Chandigarh Civic Poll: Great Debut for AAP, Can This Impact Punjab Results?
There are significant differences between the electorate in Punjab and Chandigarh. But AAP's win is still important.
The Aam Aadmi Party has notched up an impressive performance in the Chandigarh Municipal Corporation elections, winning 14 out of 35 wards in the city, falling a little short of a majority.
The BJP won 12 wards, Congress 8, and Shiromani Akali Dal 1.
In 2016, the BJP had swept the elections winning 20 out of 26 wards then. It's tally has fallen significantly since then — from around 80 percent of the total seats to just about one third.
The Congress has also gained marginally — up from 4 wards in 2016 to 8 now.
However, in terms of vote share, the Congress secured 29.9 percent votes, the BJP was at 29.3 percent and AAP at 27.1 percent. It appears that Congress' votes may have been consolidated fewer number of wards.
This article will look at two aspects:
The extent of AAP's success in Chandigarh
What do these results mean in the context of the upcoming Assembly elections in Punjab?
AAP'S IMPORTANT WIN
AAP's tally is in itself significant as this is its debut election in Chandigarh.
If one looks at the ward-wise results, AAP candidates managed to upset several top-ranking BJP nominees.
For instance, the sitting mayor of the BJP, Ravi Kant Sharma, was defeated by AAP's Damanpreet Singh. Former mayor Davesh Moudgil lost to AAP's Jasbir Singh.
Former senior deputy mayor Heera Negi of the BJP lost to Anju Katyal of AAP. Himachal Pradesh Chief Minister Jai Ram Thakur and former Uttarakhand CM Trivendra Singh Rawat had come down to Chandigarh to campaign for Negi.
BJP MP Kirron Kher's appeal seeking votes by invoking the 1984 pogrom seems to have yielded nothing.
WHAT DOES THIS MEAN IN THE CONTEXT OF PUNJAB ELECTIONS?
AAP's national convenor and Delhi Chief Minister Arvind Kejriwal has called AAP's performance "a sign of imminent change in Punjab".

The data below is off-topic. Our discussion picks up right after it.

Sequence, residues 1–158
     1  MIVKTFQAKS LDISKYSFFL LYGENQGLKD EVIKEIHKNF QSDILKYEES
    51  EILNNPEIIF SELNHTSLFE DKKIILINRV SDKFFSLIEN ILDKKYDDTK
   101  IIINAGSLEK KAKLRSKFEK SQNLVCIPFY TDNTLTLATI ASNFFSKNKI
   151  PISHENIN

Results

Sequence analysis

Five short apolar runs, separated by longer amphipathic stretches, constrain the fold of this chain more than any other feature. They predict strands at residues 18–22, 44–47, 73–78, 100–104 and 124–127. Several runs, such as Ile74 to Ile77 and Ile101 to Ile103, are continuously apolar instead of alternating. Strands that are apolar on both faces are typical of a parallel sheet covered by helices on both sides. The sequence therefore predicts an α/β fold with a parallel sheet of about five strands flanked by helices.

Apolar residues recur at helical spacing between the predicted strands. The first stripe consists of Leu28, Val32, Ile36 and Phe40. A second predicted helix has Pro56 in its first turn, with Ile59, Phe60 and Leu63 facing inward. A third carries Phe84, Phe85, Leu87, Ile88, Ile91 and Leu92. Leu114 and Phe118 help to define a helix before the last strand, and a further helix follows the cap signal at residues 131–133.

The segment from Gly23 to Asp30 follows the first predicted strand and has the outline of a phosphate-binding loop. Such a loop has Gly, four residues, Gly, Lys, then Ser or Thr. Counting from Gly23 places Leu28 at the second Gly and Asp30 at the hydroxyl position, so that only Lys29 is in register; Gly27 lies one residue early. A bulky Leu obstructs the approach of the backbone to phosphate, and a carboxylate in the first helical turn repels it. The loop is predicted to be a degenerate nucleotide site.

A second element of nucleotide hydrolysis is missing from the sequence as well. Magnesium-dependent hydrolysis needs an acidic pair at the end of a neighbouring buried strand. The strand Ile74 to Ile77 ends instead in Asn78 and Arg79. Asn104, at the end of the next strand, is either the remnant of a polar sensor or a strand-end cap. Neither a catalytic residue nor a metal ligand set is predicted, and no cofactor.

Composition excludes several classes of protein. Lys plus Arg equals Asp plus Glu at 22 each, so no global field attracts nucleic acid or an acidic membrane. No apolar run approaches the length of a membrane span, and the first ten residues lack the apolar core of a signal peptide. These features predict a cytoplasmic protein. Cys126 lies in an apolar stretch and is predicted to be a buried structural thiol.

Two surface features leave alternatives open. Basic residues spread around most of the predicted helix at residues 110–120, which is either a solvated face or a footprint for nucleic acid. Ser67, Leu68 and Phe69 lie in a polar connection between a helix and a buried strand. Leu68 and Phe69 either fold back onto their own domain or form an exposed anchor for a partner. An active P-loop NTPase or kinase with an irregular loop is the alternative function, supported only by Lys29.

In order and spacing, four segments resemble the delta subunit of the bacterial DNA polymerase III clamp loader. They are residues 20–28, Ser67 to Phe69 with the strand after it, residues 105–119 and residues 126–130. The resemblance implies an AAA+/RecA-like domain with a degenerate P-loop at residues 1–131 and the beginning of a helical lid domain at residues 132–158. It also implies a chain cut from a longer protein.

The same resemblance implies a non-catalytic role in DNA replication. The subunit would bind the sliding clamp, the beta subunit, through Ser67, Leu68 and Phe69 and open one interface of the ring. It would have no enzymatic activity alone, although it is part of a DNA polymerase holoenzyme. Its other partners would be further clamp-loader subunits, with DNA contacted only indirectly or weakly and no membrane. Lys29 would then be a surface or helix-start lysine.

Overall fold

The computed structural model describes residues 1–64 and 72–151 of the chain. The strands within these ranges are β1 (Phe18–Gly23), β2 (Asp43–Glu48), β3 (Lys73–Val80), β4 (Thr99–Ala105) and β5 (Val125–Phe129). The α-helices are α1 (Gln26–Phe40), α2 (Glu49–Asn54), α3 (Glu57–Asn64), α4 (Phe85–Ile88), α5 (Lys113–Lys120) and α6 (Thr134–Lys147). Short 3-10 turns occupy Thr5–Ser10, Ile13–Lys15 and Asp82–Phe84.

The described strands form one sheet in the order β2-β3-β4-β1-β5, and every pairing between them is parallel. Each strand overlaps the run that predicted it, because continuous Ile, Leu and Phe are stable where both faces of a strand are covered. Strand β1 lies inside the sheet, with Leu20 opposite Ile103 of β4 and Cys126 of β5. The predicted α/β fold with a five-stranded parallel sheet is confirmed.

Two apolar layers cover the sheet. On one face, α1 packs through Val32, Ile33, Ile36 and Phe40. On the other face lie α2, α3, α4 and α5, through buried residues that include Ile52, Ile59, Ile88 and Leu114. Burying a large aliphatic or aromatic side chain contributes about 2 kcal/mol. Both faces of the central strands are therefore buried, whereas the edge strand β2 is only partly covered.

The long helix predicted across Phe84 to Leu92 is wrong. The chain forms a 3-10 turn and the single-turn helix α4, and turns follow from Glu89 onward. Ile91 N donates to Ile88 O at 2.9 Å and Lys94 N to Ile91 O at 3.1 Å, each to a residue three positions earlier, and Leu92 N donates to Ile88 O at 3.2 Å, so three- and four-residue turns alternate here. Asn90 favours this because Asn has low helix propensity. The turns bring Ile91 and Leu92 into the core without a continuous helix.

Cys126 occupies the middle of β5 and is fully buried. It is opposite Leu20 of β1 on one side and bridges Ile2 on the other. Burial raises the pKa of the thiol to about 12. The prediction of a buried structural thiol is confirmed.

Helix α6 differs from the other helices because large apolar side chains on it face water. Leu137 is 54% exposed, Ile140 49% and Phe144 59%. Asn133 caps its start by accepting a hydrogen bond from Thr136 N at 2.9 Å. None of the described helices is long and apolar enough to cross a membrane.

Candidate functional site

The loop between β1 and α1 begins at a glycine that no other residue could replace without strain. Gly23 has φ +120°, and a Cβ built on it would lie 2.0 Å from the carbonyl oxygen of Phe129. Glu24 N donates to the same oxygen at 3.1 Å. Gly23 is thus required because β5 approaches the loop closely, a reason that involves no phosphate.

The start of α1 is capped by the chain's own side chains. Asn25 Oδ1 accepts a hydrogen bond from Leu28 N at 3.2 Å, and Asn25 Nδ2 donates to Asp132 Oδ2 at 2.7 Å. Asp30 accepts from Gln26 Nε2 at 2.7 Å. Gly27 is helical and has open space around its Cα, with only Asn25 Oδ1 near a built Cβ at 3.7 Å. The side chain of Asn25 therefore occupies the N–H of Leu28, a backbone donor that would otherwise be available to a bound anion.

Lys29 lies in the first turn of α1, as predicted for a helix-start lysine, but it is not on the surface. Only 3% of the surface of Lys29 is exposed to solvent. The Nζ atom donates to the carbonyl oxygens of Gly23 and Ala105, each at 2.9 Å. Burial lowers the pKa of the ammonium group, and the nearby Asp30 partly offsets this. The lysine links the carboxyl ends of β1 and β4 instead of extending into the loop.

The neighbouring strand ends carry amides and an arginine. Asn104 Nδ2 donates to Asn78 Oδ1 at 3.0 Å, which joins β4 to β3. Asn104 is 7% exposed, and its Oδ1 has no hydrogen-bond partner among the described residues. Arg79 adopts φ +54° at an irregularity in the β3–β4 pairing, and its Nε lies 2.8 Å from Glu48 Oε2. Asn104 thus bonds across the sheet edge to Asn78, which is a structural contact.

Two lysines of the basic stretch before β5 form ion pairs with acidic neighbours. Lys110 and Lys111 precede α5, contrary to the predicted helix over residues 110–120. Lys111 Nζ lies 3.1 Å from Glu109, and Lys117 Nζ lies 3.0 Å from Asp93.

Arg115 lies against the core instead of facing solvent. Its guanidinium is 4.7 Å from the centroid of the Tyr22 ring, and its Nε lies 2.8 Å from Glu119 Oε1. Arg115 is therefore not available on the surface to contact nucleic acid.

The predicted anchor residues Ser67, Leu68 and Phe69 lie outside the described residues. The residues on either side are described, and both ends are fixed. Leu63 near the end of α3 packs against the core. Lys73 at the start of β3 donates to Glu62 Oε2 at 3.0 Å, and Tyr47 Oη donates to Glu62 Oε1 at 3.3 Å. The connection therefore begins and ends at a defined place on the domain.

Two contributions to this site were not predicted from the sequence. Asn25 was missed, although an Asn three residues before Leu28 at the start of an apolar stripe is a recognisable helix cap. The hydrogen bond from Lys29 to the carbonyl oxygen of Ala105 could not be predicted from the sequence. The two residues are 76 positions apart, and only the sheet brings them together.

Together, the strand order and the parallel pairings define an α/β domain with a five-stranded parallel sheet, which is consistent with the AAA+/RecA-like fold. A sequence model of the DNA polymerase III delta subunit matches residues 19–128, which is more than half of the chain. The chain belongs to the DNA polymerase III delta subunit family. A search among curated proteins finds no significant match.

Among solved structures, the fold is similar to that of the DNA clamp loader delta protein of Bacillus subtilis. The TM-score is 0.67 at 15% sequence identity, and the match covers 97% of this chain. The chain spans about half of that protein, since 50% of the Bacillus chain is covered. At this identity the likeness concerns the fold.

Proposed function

But does a win in Chandigarh point towards what may happen in Punjab?
Past results are not very conclusive in this regard.
In 2016, the BJP had swept Chandigarh but faced a drubbing in Punjab a few months later. Even the results in urban Punjab were completely opposite of the Chandigarh results.
There are four Assembly seats in the vicinity of Chandigarh — Dera Bassi, Sahibzada Ajit Singh Nagar, Kharar, and Rajpura. In 2017, Congress had won two of these seats — SAS Nagar and Rajpura, SAD had won Dera Bassi and AAP had won Kharar. Therefore even in neighbouring seats, there wasn't much correlation with the 2016 results in Chandigarh.
But in 2011, the Congress was narrowly ahead of the BJP in the Chandigarh Municipal Corporation elections. Though the Congress lost the Assembly polls a few months later, it did reasonably well in urban Punjab and the results in cities were broadly in the same direction as Chandigarh.
Congress also did well in the seats adjoining Chandigarh, winning Kharar, SAS Nagar and Rajpura, losing Dera Bassi to the SAD.
One factor that we must keep in mind while trying to link trends in Chandigarh and Punjab is demography.
According to the 2011 census, Hindus account for 80 percent of Chandigarh's population and Sikhs 13 percent.
In Punjab, Ludhiana, Jalandhar, and Bathinda are Hindu majority cities with the community accounting for 66 percent, 75 percent, and 62 percent of the cities' population respectively. In Amritsar, both Sikhs and Hindus are in the 48-49 percent range.
However, the bigger difference is linguistic. According to the 2011 census, 66 percent in Chandigarh listed Hindi as their language and 21 percent listed Punjabi. In Punjab, 90 percent have listed their language as Punjabi with 8 percent saying Hindi.
But the Chandigarh result is still significant because AAP has won a Hindu majority city. In Punjab, it is considered relatively weaker among urban Hindu voters. The Chandigarh result indicates that this demographic does now consider AAP a possible option. This could have an impact in Punjab's cities to some extent.
The Chandigarh result may help AAP counter the perception that it is essentially a party of rural Malwa.
The other big takeaway from the Chandigarh result is a decline in the BJP's vote share. If this decline is taking place among Hindi-speaking urban voters in Chandigarh, the decline could be more among Punjabi-speaking urban voters in Punjab.
Which party is able to capture the declining BJP base may have an advantage at least in urban Punjab.
Meanwhile, the AAP has every reason to celebrate its performance in Chandigarh, which will no doubt boost its morale ahead of the electoral battle in Punjab.
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